10 11

Luther taught that the Christian life is “hidden,” that one can’t judge Christians by

their lifestyles, and that sometimes non-Christians will do more external good deeds than the faithful (LW, Vol. 26). God himself acts in hidden and surprising ways, as he did with Jesus on the cross (LW, Vol. 31).

God is so in control that the good we do is really God’s work (LW, Vol. 34). We’re

nothing but the hands of Christ, Luther asserted (LW, Vol. 24). In the good we do, we are just “little Christs” to each other (LW, Vol. 31).

12 13

Living as “little Christs” entails life having a free, easy quality, filled with happiness (even

when plagued with the suffering that comes from being Christian) (LW, Vol. 24; Complete Sermons, Vol. 3/2). That’s why Luther wants us to look at our jobs as good things—a chance (or “mask”) to serve God and other people (LW, Vol. 35).

Luther knows that sometimes we can be our own worst enemy. That’s why he said

Christ takes us away from ourselves, making us dependent on what is outside ourselves (LW, Vol. 26). The righteousness of God given to us is external or alien, not something that is in us or belongs to us (LW, Vol. 31).

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The reformer didn’t teach universal salvation, insisting that we must have faith.

But he expressed an openness to hoping for the salvation of all, that God might give the gift of salvation to all, even in death (LW, Vol. 43).

We sin in everything we do because every- thing we do is inspired by selfishness (Luther

calls this “concupiscence”). The best we can do is sin bravely—confess we are sinning in all we do and yet seek to do God’s will anyway (LW, Vol. 48).

Even when we do good, we act in selfish ways (LW, Vol. 33). We are free: The law and

failure to do works can’t condemn us (LW, Vol. 31). But we are also free from the law in the sense that we may break the law to do good (Complete Sermons, Vol. 3/1).

While the reformer read the Bible critically (LW, Vol. 34), at times he referred to

Scripture as “inerrant” (Weimar Ausgabe, Vol. 40 III). He suggested there are two kinds of word of God in Scripture—the word that has to do with us and our context and the word that does not (LW, Vol. 35).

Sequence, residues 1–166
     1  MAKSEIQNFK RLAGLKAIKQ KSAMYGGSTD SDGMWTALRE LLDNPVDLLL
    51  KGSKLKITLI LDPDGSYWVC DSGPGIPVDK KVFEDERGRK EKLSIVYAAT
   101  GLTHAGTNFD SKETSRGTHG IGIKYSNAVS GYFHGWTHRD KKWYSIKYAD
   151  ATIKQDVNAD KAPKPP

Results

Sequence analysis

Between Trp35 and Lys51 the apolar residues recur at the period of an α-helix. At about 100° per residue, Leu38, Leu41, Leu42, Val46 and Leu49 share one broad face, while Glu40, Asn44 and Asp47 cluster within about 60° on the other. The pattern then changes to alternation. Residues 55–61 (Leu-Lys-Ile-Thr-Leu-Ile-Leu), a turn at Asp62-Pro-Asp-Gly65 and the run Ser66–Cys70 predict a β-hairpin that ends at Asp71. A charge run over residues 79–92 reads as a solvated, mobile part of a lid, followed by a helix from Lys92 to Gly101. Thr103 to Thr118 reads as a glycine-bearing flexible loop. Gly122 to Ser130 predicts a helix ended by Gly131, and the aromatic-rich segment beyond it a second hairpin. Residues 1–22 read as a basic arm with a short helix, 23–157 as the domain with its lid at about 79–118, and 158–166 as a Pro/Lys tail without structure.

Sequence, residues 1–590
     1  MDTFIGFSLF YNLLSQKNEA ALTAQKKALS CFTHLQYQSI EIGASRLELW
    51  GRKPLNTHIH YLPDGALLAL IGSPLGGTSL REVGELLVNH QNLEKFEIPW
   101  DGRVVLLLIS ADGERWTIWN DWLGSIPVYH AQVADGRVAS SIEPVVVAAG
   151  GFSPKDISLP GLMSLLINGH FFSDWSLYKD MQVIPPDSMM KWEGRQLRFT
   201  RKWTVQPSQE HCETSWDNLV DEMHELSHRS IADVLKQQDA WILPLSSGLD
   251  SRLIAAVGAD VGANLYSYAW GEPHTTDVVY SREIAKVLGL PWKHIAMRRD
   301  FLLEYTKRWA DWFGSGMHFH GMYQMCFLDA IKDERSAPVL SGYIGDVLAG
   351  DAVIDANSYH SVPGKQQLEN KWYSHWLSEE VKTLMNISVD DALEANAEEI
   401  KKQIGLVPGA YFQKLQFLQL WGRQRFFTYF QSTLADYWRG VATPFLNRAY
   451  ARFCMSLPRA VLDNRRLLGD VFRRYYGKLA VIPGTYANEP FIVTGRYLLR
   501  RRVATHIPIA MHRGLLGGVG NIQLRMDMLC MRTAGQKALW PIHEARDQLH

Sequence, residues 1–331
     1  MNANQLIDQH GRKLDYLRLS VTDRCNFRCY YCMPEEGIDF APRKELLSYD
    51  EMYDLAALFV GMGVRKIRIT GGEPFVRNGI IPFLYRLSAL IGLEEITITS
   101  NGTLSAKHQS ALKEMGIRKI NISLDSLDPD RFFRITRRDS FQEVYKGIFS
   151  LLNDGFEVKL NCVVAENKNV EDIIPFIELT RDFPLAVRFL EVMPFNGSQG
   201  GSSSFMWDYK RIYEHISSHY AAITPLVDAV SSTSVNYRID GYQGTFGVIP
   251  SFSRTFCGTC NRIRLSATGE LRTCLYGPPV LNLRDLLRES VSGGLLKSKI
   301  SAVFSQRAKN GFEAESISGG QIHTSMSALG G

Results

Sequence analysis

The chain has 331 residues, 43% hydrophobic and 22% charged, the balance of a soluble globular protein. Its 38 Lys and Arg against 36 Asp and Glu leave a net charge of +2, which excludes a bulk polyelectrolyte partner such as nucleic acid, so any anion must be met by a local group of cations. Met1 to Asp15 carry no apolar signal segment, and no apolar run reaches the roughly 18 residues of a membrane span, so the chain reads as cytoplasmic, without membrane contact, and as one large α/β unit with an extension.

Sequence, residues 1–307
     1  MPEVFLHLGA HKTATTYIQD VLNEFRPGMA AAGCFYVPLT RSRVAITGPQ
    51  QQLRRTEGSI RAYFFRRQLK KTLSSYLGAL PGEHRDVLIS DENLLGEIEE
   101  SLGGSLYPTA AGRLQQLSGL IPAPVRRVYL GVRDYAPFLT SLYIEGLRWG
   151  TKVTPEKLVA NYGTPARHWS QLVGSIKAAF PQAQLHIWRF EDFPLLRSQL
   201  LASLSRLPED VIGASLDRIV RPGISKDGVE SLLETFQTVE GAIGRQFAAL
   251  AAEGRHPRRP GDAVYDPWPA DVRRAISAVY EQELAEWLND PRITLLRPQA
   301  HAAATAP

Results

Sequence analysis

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18 19

The reformer spoke of the three persons of the Trinity as speaker, sermon and hearer

(LW, Vol. 24), or as the mind, intellect and will of God (LW, Vol. 1).

Church and state weren’t separate for Luther in the sense that he didn’t see the

state as secular, for it is still ruled by God. However, Christian values on Luther’s grounds aren’t imposed on the state. Political judgments are to be made on the basis of reason (LW, Vol. 45).

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Although the majority of the time Luther spoke of God as male, he did refer at times

to God as “mother” (LW, Vol. 17).

He called the church “a hospital for sinners” (LW, Vol. 25)—the church is only for sick

people like us.

The reformer focused on the authority of Scripture, but not without tradition.

Tradition mandated for him the desirability of maintaining liturgical worship, and was the basis for the validity of infant baptism—do it because God has always had the church do it (LW, Vol. 40).

The reformer preferred immersion in baptism (LW, Vol. 35). He also embraced

the ancient African Christian practice of kissing infants before they are to be baptized to honor the hands of God that the baptized child will become (LW, Vol. 45).

24 25

Luther was open to maintaining a papacy if the pope would acknowledge that sinners

have free forgiveness and submit to Scripture (LW, Vol. 26 and 39).

Contrary to any notion that he may not have been strong on evangelism, Luther

taught that the only reason God lets us live is so we can bring others to him (LW, Vol. 30).

See all 50 facts by clicking on the “Reformation” tab at

Mark Ellingsen, an ELCA pastor, serves on the faculty of the Interdenominational Theological Center in Atlanta. His latest book is Martin Luther’s Legacy: Reforming Reformation Theology for the 21st Century (Palgrave Macmillan).

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